When I was not yet a teenager and my parents didn't know enough about such things to discourage me, they allowed me to pick up a tape (pirated, like most music in India at the time) titled "GRAMY 1985 TOP OF THE POPS", containing songs by "Lineol Richie", "Bruce Springstee" and I forget who else. Between then and now, my interaction with Grammy-winning music has been minimal.
So it was something of a surprise to find that a CD I purchased last year has just been awarded "Album of the year" at the Grammys. The only other time a CD that I owned was so honoured, it was Bob Dylan's "Time out of mind" in 1998. This time it was Herbie Hancock's tribute to Joni Mitchell, "River: The Joni Letters".
On this occasion, as with Dylan, one can't help thinking that the award was really meant to compensate for decades of ignoring one of the most influential artists of the 20th century. Dylan's first Grammy, in any category, was not for any of the masterpieces on "Blonde on Blonde" or "Blood on the Tracks" or "Highway 61 revisited", but for the shabby evangelical song "Gotta serve somebody" in 1979. Joni fared a bit better, with a smattering of Grammies through the years, but much of her best work missed out. (Her latest Grammy, coincidentally, was this year, for -- of all things -- the "best pop instrumental".)
Be that as it may, Herbie Hancock's tribute to her is superb, and grows on repeated listening. Whether it deserved a Grammy may be debatable -- I don't see how he can be compared with Kanye West or Amy Winehouse -- but it's worth a listen and the Grammy will cause more people to listen to it.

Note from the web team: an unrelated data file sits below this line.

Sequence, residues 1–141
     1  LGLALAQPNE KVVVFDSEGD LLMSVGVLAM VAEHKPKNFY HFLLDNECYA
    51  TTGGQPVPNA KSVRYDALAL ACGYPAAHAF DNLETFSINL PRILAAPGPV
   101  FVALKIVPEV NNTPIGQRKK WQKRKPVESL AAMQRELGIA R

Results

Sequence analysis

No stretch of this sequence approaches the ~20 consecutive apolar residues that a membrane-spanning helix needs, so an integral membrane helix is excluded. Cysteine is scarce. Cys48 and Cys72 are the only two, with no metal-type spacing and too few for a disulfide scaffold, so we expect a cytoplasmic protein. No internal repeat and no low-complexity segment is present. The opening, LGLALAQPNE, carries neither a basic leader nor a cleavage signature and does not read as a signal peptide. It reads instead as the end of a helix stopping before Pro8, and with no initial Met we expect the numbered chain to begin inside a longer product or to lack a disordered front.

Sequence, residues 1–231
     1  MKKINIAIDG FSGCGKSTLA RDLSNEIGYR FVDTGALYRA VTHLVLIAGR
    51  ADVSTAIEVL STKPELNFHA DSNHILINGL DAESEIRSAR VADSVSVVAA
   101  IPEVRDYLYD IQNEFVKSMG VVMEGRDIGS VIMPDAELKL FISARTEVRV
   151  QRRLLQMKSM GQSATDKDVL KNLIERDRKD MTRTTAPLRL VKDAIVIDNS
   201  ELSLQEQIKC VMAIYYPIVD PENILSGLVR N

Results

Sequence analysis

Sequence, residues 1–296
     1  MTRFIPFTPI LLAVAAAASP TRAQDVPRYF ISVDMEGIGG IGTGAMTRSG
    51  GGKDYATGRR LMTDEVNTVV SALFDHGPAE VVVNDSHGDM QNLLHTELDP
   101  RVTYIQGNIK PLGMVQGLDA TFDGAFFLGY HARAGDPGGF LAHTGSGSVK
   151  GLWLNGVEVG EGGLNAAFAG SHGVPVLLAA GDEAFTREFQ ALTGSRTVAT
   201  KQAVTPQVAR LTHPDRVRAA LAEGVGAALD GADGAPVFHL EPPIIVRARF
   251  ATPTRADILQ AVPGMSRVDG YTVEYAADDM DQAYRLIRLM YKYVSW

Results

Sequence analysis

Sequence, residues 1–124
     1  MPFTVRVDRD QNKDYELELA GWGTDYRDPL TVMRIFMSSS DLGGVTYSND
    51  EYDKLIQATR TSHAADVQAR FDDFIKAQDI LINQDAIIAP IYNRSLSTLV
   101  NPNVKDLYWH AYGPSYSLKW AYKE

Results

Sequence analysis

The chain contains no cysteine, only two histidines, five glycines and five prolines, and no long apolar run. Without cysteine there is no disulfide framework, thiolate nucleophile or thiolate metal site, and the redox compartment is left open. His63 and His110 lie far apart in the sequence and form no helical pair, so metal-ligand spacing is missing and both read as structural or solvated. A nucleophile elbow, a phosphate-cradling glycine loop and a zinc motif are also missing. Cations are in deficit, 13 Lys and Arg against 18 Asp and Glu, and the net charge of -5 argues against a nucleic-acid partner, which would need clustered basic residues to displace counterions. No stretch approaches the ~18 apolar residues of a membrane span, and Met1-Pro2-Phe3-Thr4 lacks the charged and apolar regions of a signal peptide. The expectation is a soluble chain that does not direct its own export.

The musicians include Hancock himself, Wayne Shorter and Dave Holland; the guest singers include Joni herself, fellow Canadian poet-singer Leonard Cohen, Norah Jones, Corinne Bailey Rae, Tina Turner, Luciana Souza. There are four instrumentals -- Joni's "Both Sides Now" and "Sweet Bird", Duke Ellington's "Solitude" and Shorter's "Nefertiti" (the latter two are the only non-Joni pieces on the album). The album begins with the much-Grammy-decorated Norah Jones (Court and Spark) and Tina Turner (Edith and the Kingpin), and officially ends with Cohen, who -- unlike Dylan and Joni -- has never won a Grammy. The Amazon edition of the CD, which I have, has two bonus tracks: an instrumental "A case of you" and Sonya Kitchell's performance of "All I want".
All of it is very, very good. The vocalists for the most part follow Joni's original recordings rather faithfully, while the jazz accompaniment is perfect for Joni's tunes (as we already know from her own recordings). Corinne Bailey Rae's "River" is outstanding. Tina Turner's "Edith" is not terribly jazzy, but very enjoyable. The Burundi drums of Joni's "The Jungle Line" are substituted here by Leonard Cohen's low spoken rumble of words (he seems to have given up singing while recording 2004's "Dear Heather"), while Herbie solos below him. And the Hancock/Shorter take on "Both Sides Now" is one of the best jazz recordings I've ever heard -- every line they play hints at and evokes the song, without ever quite stating the theme outright. (The bonus "A case of you" is more a straight cover of Joni, with Herbie doing both the melody and a fair imitation of Joni's original dulcimer accompaniment).
Grammy or not, go get it.
In other Grammy news: Obama beats Clinton (Bill, that is). And a mathematician wins.